"Programme options could take the new work through the year 2005, with a potential value to Litton in excess of $200 million," said Darwin D. Beckel, Litton division president. "Litton has been the sole supplier of these Tomahawk guidance units since the programme started in 1976."
Litton's work is subcontracted through Tomahawk prime contractor Hughes Missile Systems Co., Tucson, Arizona. Development of the new guidance unit will be accomplished at the Litton division's headquarters in Woodland Hills, with production on both systems to be carried out at the division's manufacturing facility in Salt Lake City.
More than 3,500 guidance sets have been built by Litton for Tomahawk missiles for submarines and surface combatants from destroyers to battleships. The subsonic, terrain-skimming missiles, with ranges up to 1,500 miles, were widely employed in the 1991 Gulf War.
The Litton units provide the inertial navigation information to guide the missiles from launch to pre-programmed targets. The guidance systems also exchange and process information to and from the missiles' terrain correlation mapping units. These "look down" radar systems match pre-selected terrain-following flight paths to the actual terrain below, helping to guide the missiles around known defensive weapon sites to their targets.
Until development and integration of Litton's new Tomahawk guidance system is completed, the company will continue to produce its combat-proven, self-contained, electromechanical guidance units called LN-35, or Reference Measurement Unit and Computer.
Litton's new system being adapted for the Tomahawk combines the latest high accuracy laser gyro sensors and a precise global satellite signal receiver in a single unit that can provide continuous position accuracy to within a few yards. The new unit, under 30 pounds, is less than half the weight and size of the current system, and requires less than half the power.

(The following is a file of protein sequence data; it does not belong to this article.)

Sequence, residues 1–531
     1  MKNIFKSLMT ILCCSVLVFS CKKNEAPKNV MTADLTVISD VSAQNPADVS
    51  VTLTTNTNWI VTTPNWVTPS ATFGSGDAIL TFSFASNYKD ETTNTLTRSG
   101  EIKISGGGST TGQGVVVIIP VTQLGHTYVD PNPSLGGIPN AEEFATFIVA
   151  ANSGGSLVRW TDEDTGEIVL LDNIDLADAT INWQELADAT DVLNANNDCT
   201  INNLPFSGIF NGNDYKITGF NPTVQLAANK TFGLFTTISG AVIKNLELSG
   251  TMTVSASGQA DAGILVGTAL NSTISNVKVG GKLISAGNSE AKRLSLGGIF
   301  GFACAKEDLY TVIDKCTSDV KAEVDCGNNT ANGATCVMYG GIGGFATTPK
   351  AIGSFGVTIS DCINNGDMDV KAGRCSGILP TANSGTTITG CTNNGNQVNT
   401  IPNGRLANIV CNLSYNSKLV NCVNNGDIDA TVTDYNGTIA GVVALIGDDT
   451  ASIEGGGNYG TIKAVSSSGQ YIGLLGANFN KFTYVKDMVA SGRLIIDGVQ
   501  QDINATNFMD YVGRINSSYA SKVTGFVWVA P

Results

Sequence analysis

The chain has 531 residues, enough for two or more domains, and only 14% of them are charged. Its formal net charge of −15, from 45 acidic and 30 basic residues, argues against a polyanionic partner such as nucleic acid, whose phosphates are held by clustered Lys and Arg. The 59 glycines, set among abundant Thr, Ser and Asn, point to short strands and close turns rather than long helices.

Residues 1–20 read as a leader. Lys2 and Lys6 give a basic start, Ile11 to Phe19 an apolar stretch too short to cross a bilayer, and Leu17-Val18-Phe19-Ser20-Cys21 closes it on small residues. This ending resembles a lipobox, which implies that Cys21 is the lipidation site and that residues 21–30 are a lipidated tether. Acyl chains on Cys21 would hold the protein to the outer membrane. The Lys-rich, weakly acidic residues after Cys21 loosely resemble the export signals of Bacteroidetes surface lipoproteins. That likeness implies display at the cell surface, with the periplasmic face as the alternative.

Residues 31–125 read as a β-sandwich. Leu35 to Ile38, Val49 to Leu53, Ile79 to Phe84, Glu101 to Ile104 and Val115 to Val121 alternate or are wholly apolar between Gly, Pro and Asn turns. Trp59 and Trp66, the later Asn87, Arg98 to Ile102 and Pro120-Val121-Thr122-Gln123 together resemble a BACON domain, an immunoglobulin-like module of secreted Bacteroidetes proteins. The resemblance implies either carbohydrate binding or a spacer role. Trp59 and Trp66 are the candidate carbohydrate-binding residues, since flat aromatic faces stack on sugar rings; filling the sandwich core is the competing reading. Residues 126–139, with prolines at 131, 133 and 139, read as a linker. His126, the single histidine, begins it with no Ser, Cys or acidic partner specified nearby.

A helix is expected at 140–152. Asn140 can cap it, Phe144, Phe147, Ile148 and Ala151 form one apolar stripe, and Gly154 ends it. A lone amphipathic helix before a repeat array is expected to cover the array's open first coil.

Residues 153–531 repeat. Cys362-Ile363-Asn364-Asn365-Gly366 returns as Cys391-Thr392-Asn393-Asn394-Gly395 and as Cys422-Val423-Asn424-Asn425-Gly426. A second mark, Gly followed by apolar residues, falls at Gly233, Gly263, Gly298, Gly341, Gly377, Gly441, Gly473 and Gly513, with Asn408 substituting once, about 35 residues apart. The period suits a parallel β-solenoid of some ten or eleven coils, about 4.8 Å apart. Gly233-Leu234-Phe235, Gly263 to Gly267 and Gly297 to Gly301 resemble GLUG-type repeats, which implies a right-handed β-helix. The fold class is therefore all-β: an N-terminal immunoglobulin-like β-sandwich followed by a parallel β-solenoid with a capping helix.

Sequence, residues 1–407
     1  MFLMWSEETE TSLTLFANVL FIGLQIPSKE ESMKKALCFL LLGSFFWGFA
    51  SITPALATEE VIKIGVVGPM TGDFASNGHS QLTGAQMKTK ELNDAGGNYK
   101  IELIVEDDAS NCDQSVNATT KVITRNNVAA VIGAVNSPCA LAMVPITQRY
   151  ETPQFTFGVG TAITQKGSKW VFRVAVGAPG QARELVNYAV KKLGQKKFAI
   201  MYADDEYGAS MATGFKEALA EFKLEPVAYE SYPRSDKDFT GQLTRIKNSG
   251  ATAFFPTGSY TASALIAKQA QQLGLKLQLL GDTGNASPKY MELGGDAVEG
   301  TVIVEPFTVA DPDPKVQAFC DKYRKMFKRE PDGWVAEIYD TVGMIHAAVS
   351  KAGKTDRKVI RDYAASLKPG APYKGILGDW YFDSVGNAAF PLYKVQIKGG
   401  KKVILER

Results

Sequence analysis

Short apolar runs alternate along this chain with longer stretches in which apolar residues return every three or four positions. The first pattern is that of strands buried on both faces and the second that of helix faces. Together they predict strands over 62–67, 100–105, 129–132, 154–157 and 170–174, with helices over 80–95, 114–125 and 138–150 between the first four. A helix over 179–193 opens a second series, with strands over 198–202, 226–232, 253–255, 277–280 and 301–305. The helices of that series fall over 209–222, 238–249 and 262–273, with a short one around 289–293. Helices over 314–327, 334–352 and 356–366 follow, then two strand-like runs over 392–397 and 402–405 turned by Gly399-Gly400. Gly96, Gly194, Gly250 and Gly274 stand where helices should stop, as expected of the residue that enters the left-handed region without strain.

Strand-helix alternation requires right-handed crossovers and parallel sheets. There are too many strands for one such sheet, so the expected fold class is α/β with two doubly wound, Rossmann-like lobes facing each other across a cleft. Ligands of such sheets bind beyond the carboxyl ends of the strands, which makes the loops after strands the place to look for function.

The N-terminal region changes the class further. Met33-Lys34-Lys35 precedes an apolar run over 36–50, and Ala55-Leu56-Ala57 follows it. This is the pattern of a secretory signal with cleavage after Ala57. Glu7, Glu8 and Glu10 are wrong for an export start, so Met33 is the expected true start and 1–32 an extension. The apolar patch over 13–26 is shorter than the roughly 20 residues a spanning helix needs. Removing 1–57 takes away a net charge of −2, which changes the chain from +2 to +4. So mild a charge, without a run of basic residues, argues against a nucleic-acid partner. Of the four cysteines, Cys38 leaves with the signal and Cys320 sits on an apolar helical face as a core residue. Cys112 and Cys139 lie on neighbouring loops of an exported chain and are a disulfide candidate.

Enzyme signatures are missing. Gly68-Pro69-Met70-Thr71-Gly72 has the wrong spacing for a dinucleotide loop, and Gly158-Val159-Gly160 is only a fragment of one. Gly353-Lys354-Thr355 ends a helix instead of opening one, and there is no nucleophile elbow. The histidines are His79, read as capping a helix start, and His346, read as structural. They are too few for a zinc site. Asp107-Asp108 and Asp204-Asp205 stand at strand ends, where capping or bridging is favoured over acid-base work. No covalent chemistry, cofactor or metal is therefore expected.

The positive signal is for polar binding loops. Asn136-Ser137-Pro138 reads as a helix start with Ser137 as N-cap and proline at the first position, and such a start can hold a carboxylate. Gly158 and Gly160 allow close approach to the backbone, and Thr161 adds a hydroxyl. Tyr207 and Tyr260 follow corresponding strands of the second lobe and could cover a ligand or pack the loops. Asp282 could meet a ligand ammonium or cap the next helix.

Designated LN-100G, Litton's new embedded Global Positioning System/inertial navigation unit also has been selected for the U.S. Navy's F/A-18, EA-6B and T-45A aircraft, as well as the Defence Department's Tier II and Tier III unmanned aerial vehicle programme.
The LN-100G is a product line derivative of Litton's LN-100 Zero-Lock laser gyro inertial navigation system that will be aboard the U.S. Air Force's new F-22 fighter, Multi-Service Launch System, the U.S. Army's RAH-66 Comanche helicopter and Lockheed Corp.'s commercial space launch vehicle. The LN-100 also is being supplied for a variety of international programmes.

A U.S. Air Force C-17 Globemaster III transport conducted its first trans-Pacific operational mission last weekend, making its inaugural visit to Japan on March 4.
The aircraft, based at Charleston AFB in South Carolina, carried cargo on its trip to and from Yokota Air Base, Japan, making en route stopovers at Travis Air Force Base, California, and Elmendorf Air Force Base, Alaska. The C-17 is part of the first operational C-17 squadron, part of the 437th Airlift Wing, based at Charleston Air Force Base. The 17th Airlift Squadron was declared ready for worldwide operations on Jan. 17.
The C-17 crew, commanded by Lieutenant-Colonel Larry Kudelka, departed from Charleston Air Force Base last Thursday (March 2) and arrived in Japan on Saturday, March 4, after its two en route stopovers. Returning, the C-17 left Japan on Sunday and arrived back at Charleston Air Force Base on Monday, March 6.
C-17s previously have conducted operational missions to Europe, the Arabian Peninsula, Panama and Cuba. The second C-17 squadron, the 14th Airlift Squadron of the 437th Airlift Wing, received its first C-17 on Feb. 17. To date, McDonnell Douglas has delivered 14 operational C-17s to the 437th Airlift Wing.

With the help of Italian and U.S. troops, the United Nations successfully pulled the last of its peacekeepers (Pakistani and Bangladeshi troops) out of Somalia last week. Shortly before midnight (UTC) last Friday, the last of the U.S. Marines left Mogadishu. The withdrawal was not without incident although clashes with Somali militiamen were only light. The withdrawal was done after a two-year U.N. effort failed to restore the peace in Somalia.